“At the time, the UFC only did it four times a year. But I would go to all the big fights. I would invite the guys to participate in the show. Not only did I enjoy and be a part of this event, Dana always treated me with respect. He was just generous to me.”
In 2007, Cavallaro had a conversation with his mother that opened his eyes to a void that needed to be filled. MMA was a big event, but in his region, fighters lacked the opportunity to rise to the next level.
“I knew there was a possibility because my mother was telling me why she thought Chuck Liddell would win his next fight,” Cavallaro said. “People started watching it. It started to become mainstream. So I said to myself, “I’m going to start a promotion.” I started a company called World Championship Fighting (WCF).”
From 2007 to 2011, WCF hosted 11 events and produced big names such as Jon Jones, Calvin Kattar and Rick Hawn. The events were popular in the region and even attracted some celebrities such as Kevin James and numerous members of the Boston Celtics to participate.
When real estate opportunities were too great for Cavallaro to pass by, he turned down the promotion, a decision that was expected to be temporary. The hiatus year turned into two, then four, then 10. The plan was always to come back, it was just a matter of time.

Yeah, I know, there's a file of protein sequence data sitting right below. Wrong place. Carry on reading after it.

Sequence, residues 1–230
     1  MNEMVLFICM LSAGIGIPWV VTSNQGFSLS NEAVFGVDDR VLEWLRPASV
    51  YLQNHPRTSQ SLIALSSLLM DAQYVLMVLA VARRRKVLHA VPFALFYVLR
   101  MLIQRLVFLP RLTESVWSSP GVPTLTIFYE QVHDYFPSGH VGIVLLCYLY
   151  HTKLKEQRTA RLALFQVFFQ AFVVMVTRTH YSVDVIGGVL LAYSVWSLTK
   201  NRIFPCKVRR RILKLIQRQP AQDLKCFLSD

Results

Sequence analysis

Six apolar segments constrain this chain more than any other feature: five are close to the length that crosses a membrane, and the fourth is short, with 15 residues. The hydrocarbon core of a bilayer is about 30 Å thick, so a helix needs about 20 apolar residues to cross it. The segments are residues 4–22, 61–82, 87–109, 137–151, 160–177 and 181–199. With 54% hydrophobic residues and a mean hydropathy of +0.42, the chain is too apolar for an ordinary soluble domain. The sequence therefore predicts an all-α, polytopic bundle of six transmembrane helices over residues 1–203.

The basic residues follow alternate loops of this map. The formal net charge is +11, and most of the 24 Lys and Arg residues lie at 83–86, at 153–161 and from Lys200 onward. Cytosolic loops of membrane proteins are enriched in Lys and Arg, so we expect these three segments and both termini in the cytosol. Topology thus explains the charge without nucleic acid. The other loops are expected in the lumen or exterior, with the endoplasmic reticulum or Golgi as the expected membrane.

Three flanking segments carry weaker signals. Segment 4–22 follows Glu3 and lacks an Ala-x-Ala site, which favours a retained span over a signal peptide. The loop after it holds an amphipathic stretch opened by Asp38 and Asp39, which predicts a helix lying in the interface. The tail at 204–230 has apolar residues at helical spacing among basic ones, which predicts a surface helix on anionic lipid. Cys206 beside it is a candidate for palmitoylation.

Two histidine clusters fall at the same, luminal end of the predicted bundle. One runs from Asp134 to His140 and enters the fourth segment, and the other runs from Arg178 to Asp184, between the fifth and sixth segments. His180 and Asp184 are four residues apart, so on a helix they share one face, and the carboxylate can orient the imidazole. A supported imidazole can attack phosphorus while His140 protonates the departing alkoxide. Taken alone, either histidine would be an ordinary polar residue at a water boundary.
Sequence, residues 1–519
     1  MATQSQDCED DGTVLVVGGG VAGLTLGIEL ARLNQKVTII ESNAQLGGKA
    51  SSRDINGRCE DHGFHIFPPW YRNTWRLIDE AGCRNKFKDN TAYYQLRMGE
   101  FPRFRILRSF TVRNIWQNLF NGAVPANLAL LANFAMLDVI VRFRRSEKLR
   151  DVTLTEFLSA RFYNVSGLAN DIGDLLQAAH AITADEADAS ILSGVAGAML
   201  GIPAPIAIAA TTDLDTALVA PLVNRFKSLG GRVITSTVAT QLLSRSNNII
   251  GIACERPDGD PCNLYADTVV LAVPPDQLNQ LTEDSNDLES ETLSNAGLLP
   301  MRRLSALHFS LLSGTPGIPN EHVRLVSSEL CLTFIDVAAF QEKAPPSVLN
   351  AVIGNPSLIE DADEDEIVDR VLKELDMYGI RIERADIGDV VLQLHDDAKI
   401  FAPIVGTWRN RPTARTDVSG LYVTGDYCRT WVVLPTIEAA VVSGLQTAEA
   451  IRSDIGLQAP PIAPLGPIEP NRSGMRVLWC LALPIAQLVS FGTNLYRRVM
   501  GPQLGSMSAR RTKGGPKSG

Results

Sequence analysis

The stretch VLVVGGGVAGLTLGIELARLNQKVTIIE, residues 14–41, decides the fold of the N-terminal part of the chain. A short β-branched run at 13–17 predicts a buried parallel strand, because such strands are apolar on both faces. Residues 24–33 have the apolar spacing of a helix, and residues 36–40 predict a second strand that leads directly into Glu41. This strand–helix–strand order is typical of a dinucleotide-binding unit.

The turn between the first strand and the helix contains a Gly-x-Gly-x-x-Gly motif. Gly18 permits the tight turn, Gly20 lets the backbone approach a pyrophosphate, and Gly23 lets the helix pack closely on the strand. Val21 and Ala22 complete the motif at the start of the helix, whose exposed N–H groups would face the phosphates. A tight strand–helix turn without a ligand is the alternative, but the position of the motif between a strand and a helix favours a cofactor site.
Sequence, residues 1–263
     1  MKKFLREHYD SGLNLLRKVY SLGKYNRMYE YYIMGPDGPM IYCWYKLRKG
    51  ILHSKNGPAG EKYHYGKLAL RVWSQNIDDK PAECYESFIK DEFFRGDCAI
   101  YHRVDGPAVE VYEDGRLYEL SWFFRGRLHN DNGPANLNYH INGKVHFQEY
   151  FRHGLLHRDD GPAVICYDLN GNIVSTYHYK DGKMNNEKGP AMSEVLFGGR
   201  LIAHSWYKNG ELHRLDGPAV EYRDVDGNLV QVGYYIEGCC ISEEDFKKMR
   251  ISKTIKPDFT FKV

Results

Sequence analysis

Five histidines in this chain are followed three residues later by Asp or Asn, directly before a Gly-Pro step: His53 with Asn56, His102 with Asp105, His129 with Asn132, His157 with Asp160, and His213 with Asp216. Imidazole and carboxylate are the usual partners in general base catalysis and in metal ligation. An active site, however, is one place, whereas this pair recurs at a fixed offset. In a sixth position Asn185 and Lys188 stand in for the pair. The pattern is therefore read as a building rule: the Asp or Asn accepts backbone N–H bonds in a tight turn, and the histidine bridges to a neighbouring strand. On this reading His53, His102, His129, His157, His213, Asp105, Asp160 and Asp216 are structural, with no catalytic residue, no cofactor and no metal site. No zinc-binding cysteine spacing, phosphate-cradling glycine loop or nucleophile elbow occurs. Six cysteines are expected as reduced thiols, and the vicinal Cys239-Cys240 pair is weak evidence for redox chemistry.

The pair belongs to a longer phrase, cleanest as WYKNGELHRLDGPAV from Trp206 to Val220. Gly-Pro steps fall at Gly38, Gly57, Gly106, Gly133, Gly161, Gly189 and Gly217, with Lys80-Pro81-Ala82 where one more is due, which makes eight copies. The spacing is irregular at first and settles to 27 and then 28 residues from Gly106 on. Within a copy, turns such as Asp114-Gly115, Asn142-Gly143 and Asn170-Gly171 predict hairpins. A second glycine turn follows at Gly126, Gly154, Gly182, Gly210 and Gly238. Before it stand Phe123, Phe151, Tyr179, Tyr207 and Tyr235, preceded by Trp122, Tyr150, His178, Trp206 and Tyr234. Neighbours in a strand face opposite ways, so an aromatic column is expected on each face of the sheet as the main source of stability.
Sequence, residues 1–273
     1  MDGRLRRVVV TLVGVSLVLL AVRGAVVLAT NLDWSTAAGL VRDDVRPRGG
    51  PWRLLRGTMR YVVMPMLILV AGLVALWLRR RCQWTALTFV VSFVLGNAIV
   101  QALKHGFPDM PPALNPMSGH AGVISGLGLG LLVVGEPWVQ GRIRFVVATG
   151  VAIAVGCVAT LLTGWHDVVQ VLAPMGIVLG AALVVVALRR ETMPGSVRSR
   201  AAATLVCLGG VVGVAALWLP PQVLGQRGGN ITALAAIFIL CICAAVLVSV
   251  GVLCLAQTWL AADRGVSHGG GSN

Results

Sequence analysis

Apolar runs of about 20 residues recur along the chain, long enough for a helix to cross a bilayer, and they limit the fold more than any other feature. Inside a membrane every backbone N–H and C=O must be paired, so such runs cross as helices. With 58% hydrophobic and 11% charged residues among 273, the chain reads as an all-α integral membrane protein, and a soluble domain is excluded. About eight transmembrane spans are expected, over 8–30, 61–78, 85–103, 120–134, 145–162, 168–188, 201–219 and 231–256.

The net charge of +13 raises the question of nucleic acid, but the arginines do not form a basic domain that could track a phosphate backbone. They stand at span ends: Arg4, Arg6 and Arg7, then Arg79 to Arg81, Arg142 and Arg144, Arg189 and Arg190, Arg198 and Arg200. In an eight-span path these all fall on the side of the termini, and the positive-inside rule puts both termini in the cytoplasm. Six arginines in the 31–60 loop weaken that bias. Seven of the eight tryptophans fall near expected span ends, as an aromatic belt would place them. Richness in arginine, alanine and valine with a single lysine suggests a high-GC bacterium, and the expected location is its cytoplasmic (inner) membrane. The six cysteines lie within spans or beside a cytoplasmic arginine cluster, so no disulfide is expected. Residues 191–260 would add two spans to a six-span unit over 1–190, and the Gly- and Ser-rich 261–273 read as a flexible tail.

In 2020, Cavallaro finally made the decision to reboot — bad timing. The COVID-19 pandemic thwarted his plans before they were even completed.
Back in the saddle, Cavallaro officially launched Combat FC. Its first event will take place on Friday at the Shriners Auditorium in Wilmington, Massachusetts. The event will be streamed on UFC Fight Pass.
Former Bellator player Sean Wheelock and current UFC bantamweight Randy Costa will be on call. Island Fights and iKon Fighting Championship head Dean Tool will lead show operations.
“We’re back and we’re back forever,” Cavallaro said. “The UFC Fight Pass deal changes everything.”
The first event will feature Dana White Contender Series alumni Rico DiSciullo and Tim Caron, as well as IBJJF MMA debutant Fabio Alano. Other activities are already in the works, Cavallaro said. Shriners Auditorium will be home for a start, but other states in New England and beyond will be on the horizon.
“I’m all in. I am 100 percent,” Cavallaro said. “We want to be like the LFA. We want to be like CFFC and Titan FC. We want to be equal with these guys. I know all these guys. They are all very good guys. They all put on amazing shows. They all have amazing fighters. We want to be the same type of promotion in the same light. … Once we start, we will have the best fighters, especially in the northeast.”
Oh, and the 18-year-old guy he met almost 40 years ago will be watching too. Unable to attend in person, White revealed that he was planning a remote viewing party to see if “Joe Cav” was still his promoter after all these years.
“Thank God, I have wonderful people working for me,” Cavallaro said.
Combat FC 1 takes place Friday at the Shriners Auditorium in Wilmington, Massachusetts. UFC Fight Pass.